If you haven’t heard anything about cutting edge computers being used by scientists to crunch data in new and useful ways or keep track of all the papers being generated by their colleagues, Jürgen Schmidhuber will sound very convincing, especially when he talks about the sheer volume of data that can be processed by a computer and how easily it can be programmed to tease out relationships between individual points of odd or otherwise interesting values. But the truth of the matter is that he’s coming to his conclusions by simplifying what is actually involved in the process of making all these things work. Well duh, of course he’s simplifying a complex field, you might argue, it’s a TED talk! How complicated can you get in fifteen minutes about things it takes years to properly study? While that’s certainly true, the oversimplification in play here is one in his mind, not the result of having to compress his thoughts into a short presentation. He’s assuming that because you can build a machine that can crunch a lot of data and offer a lot of formulas you’ll have to sort through to find a promising one, or point to new areas of study after crunching immense amounts of data, you can summon a digital equivalent to Tesla or Einstein and outsource all your problems to this machine, calling the point when this should happen the Omega, and then admitting that it’s just a rehash of Singularity lore. We’ve seen why a good deal of Singularitarian thought on AI just doesn’t work before, and his overview is not much better and if anything, it’s more of a plug for his ambitious artificial neural network lab than anything else.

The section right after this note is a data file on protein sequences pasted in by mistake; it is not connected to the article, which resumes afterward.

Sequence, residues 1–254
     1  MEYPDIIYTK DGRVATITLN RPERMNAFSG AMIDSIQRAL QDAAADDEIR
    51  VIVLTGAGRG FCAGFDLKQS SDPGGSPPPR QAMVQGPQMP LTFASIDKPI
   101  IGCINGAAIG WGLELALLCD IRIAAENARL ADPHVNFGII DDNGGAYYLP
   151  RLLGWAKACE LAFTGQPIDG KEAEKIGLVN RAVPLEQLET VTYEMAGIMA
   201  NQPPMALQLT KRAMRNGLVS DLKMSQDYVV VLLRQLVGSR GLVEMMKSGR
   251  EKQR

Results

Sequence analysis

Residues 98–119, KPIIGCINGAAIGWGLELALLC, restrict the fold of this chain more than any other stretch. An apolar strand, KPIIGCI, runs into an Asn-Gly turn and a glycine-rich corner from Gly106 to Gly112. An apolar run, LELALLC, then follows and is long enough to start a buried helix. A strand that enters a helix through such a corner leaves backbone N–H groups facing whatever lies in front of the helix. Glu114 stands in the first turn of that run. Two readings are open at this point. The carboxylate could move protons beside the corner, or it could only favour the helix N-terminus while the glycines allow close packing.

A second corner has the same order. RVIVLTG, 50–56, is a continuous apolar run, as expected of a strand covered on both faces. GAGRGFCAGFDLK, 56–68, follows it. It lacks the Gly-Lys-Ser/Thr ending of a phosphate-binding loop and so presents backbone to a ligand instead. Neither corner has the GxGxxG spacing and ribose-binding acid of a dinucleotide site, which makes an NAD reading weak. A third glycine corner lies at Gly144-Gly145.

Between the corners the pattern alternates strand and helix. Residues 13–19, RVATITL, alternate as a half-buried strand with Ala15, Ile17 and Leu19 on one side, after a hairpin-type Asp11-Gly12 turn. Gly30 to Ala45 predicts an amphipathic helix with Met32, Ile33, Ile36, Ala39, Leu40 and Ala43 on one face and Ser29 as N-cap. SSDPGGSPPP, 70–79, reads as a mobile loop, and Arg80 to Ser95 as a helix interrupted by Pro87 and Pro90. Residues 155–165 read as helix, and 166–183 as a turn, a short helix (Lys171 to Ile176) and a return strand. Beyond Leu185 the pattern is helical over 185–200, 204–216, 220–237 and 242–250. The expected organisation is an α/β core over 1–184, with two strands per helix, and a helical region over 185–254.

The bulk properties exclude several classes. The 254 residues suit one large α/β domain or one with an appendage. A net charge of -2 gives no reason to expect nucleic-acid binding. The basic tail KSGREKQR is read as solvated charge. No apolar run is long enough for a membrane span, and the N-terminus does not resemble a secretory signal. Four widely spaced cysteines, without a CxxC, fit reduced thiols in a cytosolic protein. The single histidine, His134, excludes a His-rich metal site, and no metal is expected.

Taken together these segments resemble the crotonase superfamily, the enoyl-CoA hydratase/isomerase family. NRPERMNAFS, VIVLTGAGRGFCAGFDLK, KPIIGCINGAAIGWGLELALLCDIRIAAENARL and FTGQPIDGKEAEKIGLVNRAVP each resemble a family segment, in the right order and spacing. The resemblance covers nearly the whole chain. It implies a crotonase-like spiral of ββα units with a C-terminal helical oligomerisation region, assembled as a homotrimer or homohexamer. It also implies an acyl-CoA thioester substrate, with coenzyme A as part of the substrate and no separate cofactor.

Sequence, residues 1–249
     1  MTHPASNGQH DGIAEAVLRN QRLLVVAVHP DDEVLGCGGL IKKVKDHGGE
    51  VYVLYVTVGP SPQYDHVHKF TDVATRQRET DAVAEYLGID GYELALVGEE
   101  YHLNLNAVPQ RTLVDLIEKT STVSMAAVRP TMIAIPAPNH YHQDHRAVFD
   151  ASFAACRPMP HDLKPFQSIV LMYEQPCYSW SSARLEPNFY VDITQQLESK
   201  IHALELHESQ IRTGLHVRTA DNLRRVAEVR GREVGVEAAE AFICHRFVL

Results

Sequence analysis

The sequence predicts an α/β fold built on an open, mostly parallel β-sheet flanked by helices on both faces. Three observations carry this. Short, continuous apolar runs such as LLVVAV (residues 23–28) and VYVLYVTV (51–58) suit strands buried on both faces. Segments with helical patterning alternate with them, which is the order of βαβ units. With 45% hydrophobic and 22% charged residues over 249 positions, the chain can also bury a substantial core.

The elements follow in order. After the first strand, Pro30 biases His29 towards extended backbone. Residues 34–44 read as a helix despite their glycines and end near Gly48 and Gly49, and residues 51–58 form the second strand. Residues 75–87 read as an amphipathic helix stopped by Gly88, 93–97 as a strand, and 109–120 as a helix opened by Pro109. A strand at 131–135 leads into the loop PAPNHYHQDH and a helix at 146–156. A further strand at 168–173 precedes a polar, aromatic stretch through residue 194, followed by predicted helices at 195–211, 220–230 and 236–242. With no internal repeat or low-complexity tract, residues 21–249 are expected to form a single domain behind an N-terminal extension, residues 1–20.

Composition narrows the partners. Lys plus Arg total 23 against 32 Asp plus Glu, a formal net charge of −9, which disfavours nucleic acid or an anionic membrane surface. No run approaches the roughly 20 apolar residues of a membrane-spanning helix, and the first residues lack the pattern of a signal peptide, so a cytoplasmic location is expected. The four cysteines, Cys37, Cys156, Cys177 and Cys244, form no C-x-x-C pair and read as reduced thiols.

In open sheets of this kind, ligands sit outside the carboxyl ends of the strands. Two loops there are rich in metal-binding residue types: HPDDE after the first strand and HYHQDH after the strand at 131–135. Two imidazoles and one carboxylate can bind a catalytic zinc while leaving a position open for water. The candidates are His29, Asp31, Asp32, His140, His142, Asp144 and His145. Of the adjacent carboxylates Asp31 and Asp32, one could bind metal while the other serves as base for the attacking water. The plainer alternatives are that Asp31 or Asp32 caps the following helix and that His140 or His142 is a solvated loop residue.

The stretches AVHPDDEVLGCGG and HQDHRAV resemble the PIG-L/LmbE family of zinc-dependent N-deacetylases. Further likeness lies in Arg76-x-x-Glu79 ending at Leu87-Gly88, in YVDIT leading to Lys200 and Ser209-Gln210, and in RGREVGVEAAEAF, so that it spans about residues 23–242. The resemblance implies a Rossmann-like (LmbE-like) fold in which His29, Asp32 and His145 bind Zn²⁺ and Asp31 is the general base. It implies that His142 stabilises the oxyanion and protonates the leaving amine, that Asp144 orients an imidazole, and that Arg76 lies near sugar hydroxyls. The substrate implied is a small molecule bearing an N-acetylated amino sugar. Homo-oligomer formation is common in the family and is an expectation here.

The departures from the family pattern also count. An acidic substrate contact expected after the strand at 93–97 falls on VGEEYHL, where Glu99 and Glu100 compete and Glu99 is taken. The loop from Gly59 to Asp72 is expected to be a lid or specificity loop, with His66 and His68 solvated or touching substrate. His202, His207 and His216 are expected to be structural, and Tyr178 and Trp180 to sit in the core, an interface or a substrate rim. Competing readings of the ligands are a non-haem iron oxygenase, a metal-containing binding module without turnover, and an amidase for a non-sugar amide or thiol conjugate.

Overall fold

When you take a look at his work, you’ll see a lot of experiments with artificial neural networks to achieve fast, efficient memory utilization at runtime, or better reliability in existing classifiers, or hybridizing concepts from a couple of networks to come up with brand new ways of computing values for virtual neurons and their inputs, along with a number of papers on universal computing concepts. One paper may talk about optimizing how a particular ANN setup will crunch numbers faster, another will lay out formulas for how a machine would make a choice to modify itself or find an optimal solution to a particular problem. They’re all very interesting and well written, certainly something plenty of computer scientists could sink their teeth into for a while, but none of it is in any way, shape or form as close to getting him to build a virtual scientist as he says it does in his TED talk. He actually seems to be borrowing from Nick Bostrom’s concept of a self-emergent superintelligence, one of his loftier ideas about the future of computation emerging from his musings on the likelihood of us being a virtual experiment of an advanced species rather than existing in what one would call reality. Again, it’s great fodder for science fiction and makes for mind-blowing slideshows, but falls short when it comes to making all this actually work. If scientific knowledge we’ve accumulated so far never had to be updated and we knew with absolute certainty that everything we figured out by this point is absolutely correct and all peer-reviewed works could be safely taken at their word, we could at least entertain the notion. But we know that’s not the case.

[ story tip by Jordan ]